Evidently, you do not read the posts suggested to you as references, neither you just spear a quick glance at the pictures shown there. To abstain from too much reading of what has already be done may be beneficial for a novice knot tyer, indeed, because our imagination needs freedom to make its first steps - this novice knot tyer, for one, has read a handful only of books on knots, and he was even postponing the reading of Ashley s BoK for as long as he could. However, in this Forum, when one member presents a particular knot, I believe that it is always useful to read what other people have said about it, or about other, "similar" knots, because, even in the vast KnotLand, around a particular point / knot, and within the limited, by the requirement of "similarity", range, there is always a limited area...

   Now, this knot you have tied is a two-coil Gleipnir binder, with crossed tails - a common trick we use to increase the entanglement of the Tail Ends before they exit the knot s nub. We do not know the optimum number of coils the nipping tube of this knot should have : two coils seem better than one, because, although the total nipping force is spread over a larger area ( so the two rims of the double nipping loop can not 'bite" the Tail ends as hard and deep as in the case of the one rim of a single nipping loop ), the segment of the double helix those Tail Ends form, as they are twisted around each other, clearly needs this longer nipping tube. However, a very long nipping tube may be unstable, and, if it is pulled from the "wrong" end a little more, it can rotate, and release its grip. I have tried the two- and the three- coils, but I have not been able to decide which is the better solution... The recently tied Gleipnir-like hitch and binder with a Prussic knot as its nipping tube, go as far as to use four coils - it becomes rock-solid as a hitch, but it may be too unstable as a binder.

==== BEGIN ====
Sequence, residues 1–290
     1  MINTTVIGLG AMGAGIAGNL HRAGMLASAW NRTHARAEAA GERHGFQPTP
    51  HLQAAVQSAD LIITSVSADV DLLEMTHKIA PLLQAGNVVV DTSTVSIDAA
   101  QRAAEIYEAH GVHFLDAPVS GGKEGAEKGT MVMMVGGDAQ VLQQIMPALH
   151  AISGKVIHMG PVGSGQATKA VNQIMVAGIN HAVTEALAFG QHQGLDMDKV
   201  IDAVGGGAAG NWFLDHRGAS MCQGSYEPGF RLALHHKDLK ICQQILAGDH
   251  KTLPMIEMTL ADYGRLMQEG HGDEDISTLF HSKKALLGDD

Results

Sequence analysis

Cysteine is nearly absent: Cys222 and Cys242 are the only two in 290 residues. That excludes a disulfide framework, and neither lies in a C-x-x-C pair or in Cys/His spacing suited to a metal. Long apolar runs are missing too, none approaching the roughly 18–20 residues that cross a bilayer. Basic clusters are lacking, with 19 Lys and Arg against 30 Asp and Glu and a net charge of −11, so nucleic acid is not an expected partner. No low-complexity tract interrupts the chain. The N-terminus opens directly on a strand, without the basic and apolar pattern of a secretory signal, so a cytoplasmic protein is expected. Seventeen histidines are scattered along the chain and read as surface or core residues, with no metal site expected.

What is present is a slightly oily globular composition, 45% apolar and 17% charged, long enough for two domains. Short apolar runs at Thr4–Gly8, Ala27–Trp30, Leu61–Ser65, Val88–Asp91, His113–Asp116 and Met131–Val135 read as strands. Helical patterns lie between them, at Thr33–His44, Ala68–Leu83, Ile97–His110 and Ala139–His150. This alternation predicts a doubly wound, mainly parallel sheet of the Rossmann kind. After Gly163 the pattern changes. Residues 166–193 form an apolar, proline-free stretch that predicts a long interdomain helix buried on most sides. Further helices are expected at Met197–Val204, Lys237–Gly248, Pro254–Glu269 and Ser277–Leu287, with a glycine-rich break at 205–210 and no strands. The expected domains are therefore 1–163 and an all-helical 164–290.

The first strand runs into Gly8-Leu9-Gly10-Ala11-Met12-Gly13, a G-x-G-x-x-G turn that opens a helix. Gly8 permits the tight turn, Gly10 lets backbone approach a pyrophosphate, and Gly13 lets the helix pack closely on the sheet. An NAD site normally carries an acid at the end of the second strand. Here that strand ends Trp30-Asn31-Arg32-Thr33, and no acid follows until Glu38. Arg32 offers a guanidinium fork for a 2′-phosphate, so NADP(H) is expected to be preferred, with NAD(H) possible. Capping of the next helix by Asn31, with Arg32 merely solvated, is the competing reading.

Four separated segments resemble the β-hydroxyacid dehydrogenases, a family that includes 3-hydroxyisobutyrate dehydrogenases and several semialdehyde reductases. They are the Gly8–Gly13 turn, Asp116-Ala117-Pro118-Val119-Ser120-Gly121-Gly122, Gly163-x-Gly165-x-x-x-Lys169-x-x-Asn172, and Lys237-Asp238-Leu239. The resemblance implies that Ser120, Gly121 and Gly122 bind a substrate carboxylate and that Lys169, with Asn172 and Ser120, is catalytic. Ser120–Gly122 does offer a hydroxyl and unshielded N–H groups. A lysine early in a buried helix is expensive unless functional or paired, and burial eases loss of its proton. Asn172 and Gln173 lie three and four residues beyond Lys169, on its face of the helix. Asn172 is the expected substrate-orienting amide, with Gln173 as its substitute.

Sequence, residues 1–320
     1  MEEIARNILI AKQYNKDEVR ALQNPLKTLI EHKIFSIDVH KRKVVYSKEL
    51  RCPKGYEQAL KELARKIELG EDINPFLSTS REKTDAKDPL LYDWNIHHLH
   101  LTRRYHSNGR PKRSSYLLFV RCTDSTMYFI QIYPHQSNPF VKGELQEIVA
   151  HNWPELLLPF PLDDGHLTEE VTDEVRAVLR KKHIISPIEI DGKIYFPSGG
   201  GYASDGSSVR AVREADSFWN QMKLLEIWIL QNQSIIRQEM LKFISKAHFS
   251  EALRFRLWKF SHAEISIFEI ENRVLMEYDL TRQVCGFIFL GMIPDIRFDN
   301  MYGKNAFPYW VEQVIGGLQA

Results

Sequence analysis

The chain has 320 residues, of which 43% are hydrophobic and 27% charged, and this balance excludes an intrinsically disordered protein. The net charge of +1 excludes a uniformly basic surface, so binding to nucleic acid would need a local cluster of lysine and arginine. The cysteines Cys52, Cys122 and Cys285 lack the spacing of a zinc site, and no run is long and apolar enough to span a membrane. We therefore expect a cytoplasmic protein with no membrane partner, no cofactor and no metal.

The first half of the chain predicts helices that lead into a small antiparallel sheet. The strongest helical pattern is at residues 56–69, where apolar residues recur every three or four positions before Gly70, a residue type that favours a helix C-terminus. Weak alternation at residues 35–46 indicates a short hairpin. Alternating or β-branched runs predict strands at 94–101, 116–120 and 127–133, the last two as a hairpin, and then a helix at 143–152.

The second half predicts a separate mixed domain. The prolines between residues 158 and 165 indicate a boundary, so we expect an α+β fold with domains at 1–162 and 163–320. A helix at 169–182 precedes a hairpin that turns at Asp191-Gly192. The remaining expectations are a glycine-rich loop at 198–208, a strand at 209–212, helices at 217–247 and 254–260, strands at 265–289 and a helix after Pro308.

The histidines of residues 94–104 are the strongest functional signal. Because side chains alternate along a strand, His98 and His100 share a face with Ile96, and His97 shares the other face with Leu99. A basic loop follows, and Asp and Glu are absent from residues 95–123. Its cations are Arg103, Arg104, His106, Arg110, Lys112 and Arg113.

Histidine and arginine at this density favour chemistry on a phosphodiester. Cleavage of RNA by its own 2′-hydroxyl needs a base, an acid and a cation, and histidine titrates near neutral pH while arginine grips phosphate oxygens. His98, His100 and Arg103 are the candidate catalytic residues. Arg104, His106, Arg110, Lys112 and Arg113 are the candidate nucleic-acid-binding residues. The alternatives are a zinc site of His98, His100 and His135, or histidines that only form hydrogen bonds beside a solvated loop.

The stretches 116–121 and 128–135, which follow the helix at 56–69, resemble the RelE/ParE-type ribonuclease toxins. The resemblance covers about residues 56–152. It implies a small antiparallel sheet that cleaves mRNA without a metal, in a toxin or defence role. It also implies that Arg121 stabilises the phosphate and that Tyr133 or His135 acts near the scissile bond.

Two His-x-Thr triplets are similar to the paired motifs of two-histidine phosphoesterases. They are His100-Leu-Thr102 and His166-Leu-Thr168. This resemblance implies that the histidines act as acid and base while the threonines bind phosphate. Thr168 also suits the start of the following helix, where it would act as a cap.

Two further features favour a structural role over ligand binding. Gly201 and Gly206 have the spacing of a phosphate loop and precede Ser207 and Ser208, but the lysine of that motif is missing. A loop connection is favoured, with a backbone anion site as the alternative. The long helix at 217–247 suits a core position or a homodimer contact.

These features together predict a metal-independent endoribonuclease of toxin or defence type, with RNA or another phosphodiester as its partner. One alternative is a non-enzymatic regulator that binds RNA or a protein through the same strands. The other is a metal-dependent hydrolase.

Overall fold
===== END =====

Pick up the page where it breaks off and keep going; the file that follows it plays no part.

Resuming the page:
http://igkt.net/sm/index.php?topic=2981.msg17791#msg17791   
   
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Tex

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Re: Constriction cam-action knot for sleeping bags, compression, camping
« Reply #26 on: April 19, 2015, 03:19:53 PM »
Hi Bushrag,

Thanks for bringing us this lovely sliding grip hitch and starting off this thread of further innovation.  I so enjoy it when open minded knotters pick up on an idea and expand the theme from their different perspectives.  The Timber hitch variant for example is a lovely enhancement.

I don't know whether you realise it or not, but the twist you are using is in effect a single turn KC hitch (or if you prefer, the KC hitch is a multi turn nipping loop), which although it grips well, is not the most stable of gripping structures for rope or cordage.  By contrast, the other principle gripping structure, the Prussik is far more stable on rope, and you might consider using the 'Single turn Prussik' in this application.  Of course, the single turn Prussik also goes by the more common name of Larks Foot or Cow hitch